Federal Reserve Chair Jerome “Jay” Powell took steps to reassure financial markets on Friday, saying that the US central bank would be “patient” about rate rises.
He also defended his independence, saying he would not resign if requested by US President Donald Trump.
Stocks in the US spiked after the remarks, made at a meeting of the American Economic Association.
The Dow and S&P 500 closed more than 3% higher. The Nasdaq climbed almost 4.3%.
The gains, also driven by strong job creation data, reversed sharp falls from a day earlier, extending the recent rollercoaster ride in markets.
Investors have grown nervous in recent months, worried in part about moves by the Federal Reserve to increase interest rates, despite signs of a global growth slowdown.
Mr Trump has been one of the loudest critics of the rising rates, which raise the cost of borrowing and risk dampening economic growth.
He has blamed the Fed for stock market declines and said he is “not even a little bit happy” with Mr Powell, whom he named to lead the Fed in 2017.
At the conference on Friday, Mr Powell said he has not spoken directly to Mr Trump and would not resign if asked. No face-to-face meetings have been scheduled, he added.
‘Ahead of the data’
He also defended the Fed’s rate rises, pointing to strong economic data that suggest businesses and households can handle the higher costs.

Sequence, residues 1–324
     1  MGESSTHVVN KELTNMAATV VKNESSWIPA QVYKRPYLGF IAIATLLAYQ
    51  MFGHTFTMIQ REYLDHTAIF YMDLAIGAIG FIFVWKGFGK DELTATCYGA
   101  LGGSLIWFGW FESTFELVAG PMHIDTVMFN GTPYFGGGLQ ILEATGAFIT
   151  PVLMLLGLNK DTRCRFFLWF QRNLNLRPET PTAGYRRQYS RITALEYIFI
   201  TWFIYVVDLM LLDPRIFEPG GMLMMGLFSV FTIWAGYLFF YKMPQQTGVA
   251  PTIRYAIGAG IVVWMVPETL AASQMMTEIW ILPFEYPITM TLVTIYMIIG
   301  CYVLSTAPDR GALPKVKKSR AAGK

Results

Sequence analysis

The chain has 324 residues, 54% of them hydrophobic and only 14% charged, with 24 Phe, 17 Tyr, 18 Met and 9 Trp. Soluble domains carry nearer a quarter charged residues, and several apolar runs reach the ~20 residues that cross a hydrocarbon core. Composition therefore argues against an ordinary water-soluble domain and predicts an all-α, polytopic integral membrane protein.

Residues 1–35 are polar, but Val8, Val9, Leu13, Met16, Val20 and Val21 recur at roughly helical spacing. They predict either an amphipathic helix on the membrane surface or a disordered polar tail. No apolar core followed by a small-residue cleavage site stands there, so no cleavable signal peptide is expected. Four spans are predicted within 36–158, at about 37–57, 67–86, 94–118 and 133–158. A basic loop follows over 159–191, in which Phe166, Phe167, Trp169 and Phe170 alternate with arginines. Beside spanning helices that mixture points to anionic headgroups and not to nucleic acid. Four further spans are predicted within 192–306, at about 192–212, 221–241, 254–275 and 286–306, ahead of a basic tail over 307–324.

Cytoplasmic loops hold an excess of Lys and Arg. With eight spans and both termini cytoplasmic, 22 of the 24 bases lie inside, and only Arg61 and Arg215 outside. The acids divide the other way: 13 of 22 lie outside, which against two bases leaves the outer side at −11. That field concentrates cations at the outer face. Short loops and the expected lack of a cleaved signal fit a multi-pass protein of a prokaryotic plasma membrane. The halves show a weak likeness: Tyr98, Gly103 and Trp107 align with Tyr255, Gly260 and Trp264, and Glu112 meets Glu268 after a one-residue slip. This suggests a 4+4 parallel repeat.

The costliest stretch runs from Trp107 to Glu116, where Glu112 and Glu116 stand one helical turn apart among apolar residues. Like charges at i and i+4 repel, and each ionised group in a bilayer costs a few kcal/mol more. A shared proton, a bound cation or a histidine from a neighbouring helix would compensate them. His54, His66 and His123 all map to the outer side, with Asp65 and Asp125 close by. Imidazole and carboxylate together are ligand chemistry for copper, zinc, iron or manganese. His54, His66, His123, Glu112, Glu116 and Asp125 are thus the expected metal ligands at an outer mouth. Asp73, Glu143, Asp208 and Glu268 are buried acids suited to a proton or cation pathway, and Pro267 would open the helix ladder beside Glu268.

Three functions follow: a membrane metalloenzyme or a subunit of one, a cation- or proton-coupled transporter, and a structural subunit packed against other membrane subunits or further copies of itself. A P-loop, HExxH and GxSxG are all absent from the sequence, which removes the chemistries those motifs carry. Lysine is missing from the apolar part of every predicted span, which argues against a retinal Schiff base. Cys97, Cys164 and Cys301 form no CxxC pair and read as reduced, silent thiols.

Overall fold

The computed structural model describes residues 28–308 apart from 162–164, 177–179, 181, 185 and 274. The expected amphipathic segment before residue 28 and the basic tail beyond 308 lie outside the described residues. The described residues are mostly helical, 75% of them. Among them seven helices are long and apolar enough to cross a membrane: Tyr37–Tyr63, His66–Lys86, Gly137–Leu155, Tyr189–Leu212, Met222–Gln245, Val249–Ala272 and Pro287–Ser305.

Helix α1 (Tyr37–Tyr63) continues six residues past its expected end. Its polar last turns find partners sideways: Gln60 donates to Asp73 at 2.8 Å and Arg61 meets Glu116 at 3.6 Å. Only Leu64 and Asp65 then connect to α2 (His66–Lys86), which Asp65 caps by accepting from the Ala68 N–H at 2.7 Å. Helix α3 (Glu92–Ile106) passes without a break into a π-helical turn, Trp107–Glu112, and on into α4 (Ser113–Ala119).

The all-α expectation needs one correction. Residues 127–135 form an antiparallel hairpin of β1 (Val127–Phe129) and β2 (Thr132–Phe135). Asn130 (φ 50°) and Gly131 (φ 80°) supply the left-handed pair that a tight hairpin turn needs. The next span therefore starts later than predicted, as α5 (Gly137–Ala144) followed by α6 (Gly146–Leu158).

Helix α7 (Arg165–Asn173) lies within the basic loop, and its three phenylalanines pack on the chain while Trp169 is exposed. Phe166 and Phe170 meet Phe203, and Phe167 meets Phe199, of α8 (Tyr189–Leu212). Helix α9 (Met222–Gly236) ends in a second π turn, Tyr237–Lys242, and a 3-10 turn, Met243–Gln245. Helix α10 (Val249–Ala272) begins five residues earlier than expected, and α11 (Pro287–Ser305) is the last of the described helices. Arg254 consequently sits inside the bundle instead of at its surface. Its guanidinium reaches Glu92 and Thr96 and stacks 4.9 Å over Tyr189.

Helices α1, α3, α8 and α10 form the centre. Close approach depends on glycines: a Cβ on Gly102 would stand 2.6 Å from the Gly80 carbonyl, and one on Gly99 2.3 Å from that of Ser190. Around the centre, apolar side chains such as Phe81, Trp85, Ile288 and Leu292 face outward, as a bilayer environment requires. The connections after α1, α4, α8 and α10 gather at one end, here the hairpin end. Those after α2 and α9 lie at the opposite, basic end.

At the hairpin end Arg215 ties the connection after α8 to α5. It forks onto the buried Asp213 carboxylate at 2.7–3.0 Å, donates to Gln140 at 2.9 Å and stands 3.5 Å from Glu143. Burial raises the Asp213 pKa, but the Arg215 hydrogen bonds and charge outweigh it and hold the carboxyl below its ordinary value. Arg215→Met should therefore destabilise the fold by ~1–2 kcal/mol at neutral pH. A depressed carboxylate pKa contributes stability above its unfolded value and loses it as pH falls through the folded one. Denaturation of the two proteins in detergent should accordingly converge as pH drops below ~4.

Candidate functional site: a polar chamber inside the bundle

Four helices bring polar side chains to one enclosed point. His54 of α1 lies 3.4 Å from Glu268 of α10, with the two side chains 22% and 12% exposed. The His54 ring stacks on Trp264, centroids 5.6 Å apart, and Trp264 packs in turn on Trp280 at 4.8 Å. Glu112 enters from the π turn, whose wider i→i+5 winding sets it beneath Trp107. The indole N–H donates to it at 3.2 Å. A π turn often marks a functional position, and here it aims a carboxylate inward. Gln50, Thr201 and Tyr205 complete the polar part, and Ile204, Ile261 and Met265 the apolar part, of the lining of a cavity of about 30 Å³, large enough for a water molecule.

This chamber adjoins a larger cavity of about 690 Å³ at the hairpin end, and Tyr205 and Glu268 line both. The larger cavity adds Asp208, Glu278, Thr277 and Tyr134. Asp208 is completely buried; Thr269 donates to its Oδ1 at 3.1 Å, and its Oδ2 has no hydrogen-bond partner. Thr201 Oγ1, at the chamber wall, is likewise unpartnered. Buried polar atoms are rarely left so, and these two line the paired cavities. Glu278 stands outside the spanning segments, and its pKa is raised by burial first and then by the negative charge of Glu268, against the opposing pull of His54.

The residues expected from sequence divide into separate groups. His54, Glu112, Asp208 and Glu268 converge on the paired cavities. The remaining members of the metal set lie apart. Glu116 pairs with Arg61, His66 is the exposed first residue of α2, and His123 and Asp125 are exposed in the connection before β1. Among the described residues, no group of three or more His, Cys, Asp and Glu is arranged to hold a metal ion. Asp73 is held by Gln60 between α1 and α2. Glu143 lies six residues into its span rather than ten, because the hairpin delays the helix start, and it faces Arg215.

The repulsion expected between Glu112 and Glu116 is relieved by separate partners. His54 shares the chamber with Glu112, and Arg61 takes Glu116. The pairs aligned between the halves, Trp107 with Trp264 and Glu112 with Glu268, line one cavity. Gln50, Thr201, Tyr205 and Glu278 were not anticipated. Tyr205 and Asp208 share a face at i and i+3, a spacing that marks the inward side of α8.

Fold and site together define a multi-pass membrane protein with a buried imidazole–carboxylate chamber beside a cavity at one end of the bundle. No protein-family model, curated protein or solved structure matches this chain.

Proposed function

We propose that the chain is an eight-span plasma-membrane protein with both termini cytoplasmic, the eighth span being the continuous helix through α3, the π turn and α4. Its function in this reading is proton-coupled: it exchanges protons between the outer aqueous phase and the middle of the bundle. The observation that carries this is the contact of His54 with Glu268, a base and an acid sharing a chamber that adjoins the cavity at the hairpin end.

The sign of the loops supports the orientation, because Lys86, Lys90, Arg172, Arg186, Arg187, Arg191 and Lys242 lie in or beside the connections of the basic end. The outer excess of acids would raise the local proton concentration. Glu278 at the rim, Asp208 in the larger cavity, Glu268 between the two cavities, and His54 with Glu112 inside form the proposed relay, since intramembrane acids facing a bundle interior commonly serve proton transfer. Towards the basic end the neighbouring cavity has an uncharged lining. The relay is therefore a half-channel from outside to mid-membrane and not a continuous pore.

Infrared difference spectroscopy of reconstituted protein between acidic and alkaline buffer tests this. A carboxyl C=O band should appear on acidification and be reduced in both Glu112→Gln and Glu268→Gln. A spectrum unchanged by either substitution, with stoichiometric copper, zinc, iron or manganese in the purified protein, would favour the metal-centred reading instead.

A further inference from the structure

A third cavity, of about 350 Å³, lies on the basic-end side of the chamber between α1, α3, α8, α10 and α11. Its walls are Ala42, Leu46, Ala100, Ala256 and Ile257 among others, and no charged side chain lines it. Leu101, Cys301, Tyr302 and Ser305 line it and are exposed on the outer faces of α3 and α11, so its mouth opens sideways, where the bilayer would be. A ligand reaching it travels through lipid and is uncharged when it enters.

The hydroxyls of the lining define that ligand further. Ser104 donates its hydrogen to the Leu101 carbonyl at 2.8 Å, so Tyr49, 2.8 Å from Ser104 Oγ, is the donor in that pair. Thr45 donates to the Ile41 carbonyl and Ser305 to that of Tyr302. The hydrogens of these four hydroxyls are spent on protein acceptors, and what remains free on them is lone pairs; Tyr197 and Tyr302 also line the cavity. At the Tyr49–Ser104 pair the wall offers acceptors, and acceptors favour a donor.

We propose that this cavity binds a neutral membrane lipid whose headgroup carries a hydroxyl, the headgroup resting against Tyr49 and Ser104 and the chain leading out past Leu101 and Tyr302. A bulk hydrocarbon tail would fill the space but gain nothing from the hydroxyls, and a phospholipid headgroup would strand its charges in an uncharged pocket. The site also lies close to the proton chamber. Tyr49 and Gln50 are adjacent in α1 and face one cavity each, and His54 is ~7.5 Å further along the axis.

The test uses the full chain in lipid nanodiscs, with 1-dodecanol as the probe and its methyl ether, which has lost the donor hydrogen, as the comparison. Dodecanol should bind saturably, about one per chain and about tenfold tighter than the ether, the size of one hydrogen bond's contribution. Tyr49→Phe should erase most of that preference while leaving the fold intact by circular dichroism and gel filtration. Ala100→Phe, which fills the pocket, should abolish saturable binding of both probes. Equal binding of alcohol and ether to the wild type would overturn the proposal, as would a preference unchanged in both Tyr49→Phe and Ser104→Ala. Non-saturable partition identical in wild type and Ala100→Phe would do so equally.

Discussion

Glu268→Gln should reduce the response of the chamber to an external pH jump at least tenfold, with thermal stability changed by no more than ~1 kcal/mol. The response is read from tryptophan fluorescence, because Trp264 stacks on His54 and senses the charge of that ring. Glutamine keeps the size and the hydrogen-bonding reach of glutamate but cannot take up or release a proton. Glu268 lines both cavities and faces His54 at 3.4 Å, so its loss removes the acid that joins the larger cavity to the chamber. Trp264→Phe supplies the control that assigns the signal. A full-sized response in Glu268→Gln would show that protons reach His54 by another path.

A new jobs report on Friday showed US employers added more than 300,000 jobs in December – well above expectations.
Mr Powell said he thought the recent market declines reflected concerns about slowing global growth and trade tensions – but are “well ahead of the data”.
The Fed is “listening sensitively” to the market signals, as well as data showing that inflation rates remain relatively muted, he added.
“We will be patient as we watch to see how the economy evolves,” he said. “We are always prepared to shift the stance of policy and to shift it significantly” if needed.
Mr Powell said that he did not believe the Fed’s removal of stimulus by shrinking holdings of Treasuries and mortgage-backed securities played a major role in the recent market turmoil.
But, he said, “If we reached a different conclusion we wouldn’t hesitate to make a change.”